Groundbreaking research often leads faculty beyond campus and out into the world.
Whether it’s studying penguin populations in Antarctica or collecting rock samples in Turkey, international travel plays a prominent role in the pursuit of knowledge and discovery at the University of Minnesota. In 2013, U of M faculty took about 450 research expeditions to 85 different countries.
Are you a faculty member planning a research expedition outside the U.S.? The U’s Global Programs and Strategy Alliance has the information university faculty and staff need to prepare. Here are some key points to consider before you go.
Registering your trip
Register on the U’s Travel Registry before leaving. The university requires all faculty and staff to register any trip paid for by the U or done within the context of employment at the U. Trips to conferences, meetings and guest lecture opportunities all fall within this category, along with research funded, facilitated or supported by the university.
By keeping a registry of faculty and staff traveling internationally, the university can provide information and assistance to travelers and coordinate help for any faculty and staff in locations where emergencies arise. Recent emergency situations have included the violence in Israel and Gaza, and the Ebola outbreak in West Africa.
Traveling with students
If your trip includes students, it’s up to you to ensure they meet the university policy requirements. These rules apply to undergraduate, graduate and professional degree students, along with research assistants, residents and fellows traveling for university purposes. Direct students to register their travel, which will facilitate compliance with policy and connect students with resources.
The U.S. Department of State maintains a list of travel alerts and warnings for countries deemed potentially dangerous to visit because of ongoing conflicts like wars, unstable governments or disease outbreaks. If you intend to lead students to one of the locations on this list, or otherwise high-risk locations as defined by officials such as the Centers for Disease Control and Prevention or the World Health Organization, ensure they gain special permission from the university’s International Travel Risk Assessment and Advisory Committee. Plan in advance, as the approval process may take six to eight weeks.
Equipment and supplies
Researchers often depend on specialized instruments, but export controls in the U.S. and other countries may limit what items you can bring with you or ship to your destination. Before packing your lab’s equipment, review the export controls page by the U’s Office for Sponsored Projects Administration. Be sure to also check for any country-specific regulations that may apply.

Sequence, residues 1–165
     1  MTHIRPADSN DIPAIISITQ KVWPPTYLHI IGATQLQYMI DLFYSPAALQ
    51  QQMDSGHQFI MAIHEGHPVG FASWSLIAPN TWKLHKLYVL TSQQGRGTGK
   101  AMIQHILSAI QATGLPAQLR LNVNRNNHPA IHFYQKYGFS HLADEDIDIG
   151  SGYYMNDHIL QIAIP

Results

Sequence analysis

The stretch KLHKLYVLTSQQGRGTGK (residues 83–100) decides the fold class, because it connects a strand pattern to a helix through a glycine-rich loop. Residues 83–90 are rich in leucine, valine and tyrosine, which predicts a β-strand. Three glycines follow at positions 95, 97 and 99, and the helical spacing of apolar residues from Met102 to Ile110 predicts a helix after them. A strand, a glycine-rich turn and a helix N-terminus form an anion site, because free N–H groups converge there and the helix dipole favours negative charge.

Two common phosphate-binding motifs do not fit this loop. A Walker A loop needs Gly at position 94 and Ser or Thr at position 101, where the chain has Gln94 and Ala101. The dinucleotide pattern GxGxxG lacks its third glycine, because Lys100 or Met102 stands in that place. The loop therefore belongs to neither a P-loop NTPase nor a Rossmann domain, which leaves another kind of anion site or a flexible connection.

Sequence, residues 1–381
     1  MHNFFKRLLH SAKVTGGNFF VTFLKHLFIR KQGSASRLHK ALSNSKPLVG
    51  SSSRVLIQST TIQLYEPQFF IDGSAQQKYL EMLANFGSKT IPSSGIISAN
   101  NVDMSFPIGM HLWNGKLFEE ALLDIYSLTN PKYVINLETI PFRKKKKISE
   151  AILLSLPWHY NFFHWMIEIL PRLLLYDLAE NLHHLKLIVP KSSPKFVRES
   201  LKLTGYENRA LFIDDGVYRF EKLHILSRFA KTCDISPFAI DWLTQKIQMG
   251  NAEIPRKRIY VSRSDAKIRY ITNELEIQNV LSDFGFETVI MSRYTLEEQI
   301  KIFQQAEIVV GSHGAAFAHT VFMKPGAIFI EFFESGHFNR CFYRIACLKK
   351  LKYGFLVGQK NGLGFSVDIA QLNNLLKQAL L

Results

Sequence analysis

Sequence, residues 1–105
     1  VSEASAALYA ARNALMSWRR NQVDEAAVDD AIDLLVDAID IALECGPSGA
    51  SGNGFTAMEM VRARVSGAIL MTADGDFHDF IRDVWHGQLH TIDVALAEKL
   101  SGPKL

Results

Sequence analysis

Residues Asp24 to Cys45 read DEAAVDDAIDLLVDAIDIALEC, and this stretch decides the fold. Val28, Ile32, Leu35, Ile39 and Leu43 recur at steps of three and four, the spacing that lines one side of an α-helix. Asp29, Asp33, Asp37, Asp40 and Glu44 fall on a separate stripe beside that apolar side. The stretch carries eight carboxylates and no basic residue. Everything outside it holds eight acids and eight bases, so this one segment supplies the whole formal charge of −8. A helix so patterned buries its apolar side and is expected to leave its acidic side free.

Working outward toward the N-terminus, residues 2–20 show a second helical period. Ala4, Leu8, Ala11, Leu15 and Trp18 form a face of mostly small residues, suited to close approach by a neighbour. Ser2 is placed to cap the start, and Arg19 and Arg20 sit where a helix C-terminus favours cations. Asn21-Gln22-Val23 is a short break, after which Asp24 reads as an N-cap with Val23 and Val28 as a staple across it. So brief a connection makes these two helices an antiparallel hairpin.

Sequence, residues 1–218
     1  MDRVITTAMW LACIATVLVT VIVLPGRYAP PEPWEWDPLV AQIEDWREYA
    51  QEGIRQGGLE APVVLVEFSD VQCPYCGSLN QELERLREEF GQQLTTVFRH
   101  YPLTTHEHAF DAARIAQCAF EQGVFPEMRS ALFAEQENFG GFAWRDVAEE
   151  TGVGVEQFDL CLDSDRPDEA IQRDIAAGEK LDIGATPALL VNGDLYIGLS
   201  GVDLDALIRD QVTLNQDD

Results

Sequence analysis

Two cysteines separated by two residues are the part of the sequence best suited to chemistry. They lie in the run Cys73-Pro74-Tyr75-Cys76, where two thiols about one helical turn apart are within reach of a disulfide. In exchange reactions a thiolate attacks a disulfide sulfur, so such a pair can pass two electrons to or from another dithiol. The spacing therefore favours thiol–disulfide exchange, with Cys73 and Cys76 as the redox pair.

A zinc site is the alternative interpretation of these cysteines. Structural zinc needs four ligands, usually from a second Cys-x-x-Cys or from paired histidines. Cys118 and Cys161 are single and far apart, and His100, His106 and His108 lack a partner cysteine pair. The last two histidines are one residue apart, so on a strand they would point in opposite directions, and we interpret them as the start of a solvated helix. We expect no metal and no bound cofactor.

Export controls may affect items like:
- Animal and plant materials
- Certain kinds of technology
- Hazardous materials
- Laptops and other electronic devices
- Research or technical data
During your trip, you may find other cultures have different standards for written documentation, including with consent forms for research subjects. When this is the case, the university’s Institutional Review Board requires that you find an appropriate alternative and consult the country’s local equivalent of the IRB for approval. After that agency grants approval, submit this method to the U of M office for approval from the IRB. Remember that the U’s ethical standards for research do not change in these situations.
Contracts and agreements
The U’s Office of Sponsored Projects Administration is responsible for administering both sponsored and unfunded agreements, contracts and grants involving collaborators abroad. Researchers and SPA may seek additional guidance from the Office of the General Counsel as needed for certain specialized international agreements. If you are considering including students as part of the activity, visit the GPS Alliance for information.
Learn more about regulations for traveling abroad and check out a collection of helpful resources at the GPS Alliance travel page.